June 22, 2016

smartwatch-828786_640Health informatics––benefit or burden? Advancement in health related technology tends to inspire a wide array of emotions. Despite the range of perception that extends from excitement to suspicion, many agree that technology is here to stay.

More people are relying on telehealth & telemedicine to access health care.  HealthCetera’s co-producer Kristi Westphaln interviews George Demiris, PhD, FACMI, Vice Chair for Informatics Education, Department of Biomedical Informatics and Medical Education, School of Medicine, University of Washington.

Procter defined health informatics in 2009 as the “study of the design, development, adoption and application of IT-based innovations in healthcare services delivery, management and planning.” While a succinct definition, there is no inclusion of how exactly health informatics can increase health engagement and impact wellness for the everyday person.

Technology can bring health into homes, holds capacity to personalize health care, improve access to health care, and improve health outcomes.

The smart home concept represents one modality to better understand the health behaviors of elders. Smart homes strive to gain a better understanding of patterns of living that are consistent with health and wellness. Sensors passively monitor residents with the purpose of recording patterns of daily life. A better understanding of patterns surrounding sleep quality, meal preparation, physical vs sedentary activity, and even the amount of bathroom visits may help identify patterns of living that correlate to wellness and quality of life.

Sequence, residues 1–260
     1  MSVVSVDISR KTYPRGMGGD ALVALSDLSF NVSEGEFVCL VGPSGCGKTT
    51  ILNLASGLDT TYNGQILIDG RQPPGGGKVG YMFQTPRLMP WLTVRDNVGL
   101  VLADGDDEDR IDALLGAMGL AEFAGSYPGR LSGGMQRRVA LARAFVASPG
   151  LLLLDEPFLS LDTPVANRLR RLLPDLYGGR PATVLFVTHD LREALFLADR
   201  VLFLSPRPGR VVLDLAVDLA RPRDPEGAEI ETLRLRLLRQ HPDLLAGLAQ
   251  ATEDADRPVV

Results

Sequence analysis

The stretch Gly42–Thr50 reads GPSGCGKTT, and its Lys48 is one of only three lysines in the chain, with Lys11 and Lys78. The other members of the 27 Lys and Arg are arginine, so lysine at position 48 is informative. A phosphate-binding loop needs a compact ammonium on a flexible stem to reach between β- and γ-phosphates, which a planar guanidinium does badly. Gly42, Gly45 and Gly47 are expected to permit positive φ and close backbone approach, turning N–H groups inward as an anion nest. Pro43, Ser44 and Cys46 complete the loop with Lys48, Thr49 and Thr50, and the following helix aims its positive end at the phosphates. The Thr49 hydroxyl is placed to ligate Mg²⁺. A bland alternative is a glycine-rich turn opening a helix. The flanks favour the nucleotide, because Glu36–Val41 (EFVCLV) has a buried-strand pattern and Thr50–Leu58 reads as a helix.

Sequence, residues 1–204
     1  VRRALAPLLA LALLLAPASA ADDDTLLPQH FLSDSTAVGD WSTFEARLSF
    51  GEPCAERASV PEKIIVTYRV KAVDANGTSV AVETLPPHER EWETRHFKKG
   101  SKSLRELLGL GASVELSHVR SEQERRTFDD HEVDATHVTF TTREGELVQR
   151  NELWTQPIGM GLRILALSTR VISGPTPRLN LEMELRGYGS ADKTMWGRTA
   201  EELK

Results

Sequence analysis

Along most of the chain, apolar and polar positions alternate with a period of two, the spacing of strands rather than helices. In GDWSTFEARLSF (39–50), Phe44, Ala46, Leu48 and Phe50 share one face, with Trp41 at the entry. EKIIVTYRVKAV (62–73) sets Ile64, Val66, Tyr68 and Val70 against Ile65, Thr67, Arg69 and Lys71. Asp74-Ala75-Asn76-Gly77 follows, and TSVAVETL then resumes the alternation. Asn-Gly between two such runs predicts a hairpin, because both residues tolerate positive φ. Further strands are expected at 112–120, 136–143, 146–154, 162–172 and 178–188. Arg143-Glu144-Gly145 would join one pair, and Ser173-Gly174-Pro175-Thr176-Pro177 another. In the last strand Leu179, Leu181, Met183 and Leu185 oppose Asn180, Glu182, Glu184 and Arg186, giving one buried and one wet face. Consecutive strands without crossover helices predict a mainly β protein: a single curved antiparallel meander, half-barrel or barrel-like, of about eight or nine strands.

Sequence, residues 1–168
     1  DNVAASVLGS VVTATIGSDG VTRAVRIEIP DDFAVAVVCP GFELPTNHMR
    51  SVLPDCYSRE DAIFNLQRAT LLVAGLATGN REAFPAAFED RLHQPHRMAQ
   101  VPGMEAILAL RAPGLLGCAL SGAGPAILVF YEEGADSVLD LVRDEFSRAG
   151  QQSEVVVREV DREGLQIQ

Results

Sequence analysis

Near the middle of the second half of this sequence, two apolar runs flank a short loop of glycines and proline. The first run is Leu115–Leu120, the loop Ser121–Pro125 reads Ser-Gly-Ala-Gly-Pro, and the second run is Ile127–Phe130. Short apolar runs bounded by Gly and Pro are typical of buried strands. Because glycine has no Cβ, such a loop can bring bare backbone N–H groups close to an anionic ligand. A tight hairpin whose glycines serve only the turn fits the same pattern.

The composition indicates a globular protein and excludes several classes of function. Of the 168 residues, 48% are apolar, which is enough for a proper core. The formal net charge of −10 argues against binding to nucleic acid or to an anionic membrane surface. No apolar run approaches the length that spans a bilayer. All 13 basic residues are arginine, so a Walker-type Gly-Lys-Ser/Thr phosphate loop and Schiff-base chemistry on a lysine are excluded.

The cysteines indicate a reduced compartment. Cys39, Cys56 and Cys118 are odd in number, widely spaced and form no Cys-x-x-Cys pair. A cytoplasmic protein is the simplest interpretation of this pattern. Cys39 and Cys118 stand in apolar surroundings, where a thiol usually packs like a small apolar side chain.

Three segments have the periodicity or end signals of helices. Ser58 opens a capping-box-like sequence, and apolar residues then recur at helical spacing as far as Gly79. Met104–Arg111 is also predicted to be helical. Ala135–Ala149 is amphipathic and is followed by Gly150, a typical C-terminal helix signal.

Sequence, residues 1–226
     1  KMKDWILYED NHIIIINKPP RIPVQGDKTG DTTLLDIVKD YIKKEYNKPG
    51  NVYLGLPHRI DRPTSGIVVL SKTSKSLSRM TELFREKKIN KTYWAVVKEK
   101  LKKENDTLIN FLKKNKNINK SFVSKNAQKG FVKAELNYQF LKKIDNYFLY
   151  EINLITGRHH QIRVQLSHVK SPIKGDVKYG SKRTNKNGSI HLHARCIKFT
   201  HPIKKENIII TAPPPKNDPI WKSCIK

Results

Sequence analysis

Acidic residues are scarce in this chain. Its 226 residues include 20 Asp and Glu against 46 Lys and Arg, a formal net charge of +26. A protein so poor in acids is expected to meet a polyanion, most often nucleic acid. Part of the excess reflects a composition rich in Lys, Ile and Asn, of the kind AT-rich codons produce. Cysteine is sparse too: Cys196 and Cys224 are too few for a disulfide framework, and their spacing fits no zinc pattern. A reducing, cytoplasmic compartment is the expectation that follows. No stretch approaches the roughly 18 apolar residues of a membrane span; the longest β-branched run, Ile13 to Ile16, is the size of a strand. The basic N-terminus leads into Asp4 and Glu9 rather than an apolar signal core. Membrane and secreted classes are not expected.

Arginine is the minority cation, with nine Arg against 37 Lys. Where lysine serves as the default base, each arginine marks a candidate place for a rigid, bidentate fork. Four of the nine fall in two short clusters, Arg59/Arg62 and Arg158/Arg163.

Wearable sensors, such as fit bits and smart phones, continue to gain consumer popularity. These technologies offer users a chance to measure and trend personal data including caloric intake/expenditure, types of exercise, and quality of sleep.

Home-based telehealth and online access to personal health records utilize the internet to bring services directly into homes. With the large demand for mental health, hospice, and palliative care services; telehealth remains an optimistic option to expand access to these much needed services.

RESOURCES: 

Handbook of Smart Homes, Health-care, and Well-being.

Home based environmental and assisted living technology HEALTH-E initiative.

Hospice Caregiving Research Network additional research by Dr. Demiris and his colleagues.

 

You can listen to Westphaln’s interview with George Demiris, PhD, FACMI Thursday, June 23rd 1PM on WBAI 99.5 FM or streamed live at www.wbai.org or listen to the interview here: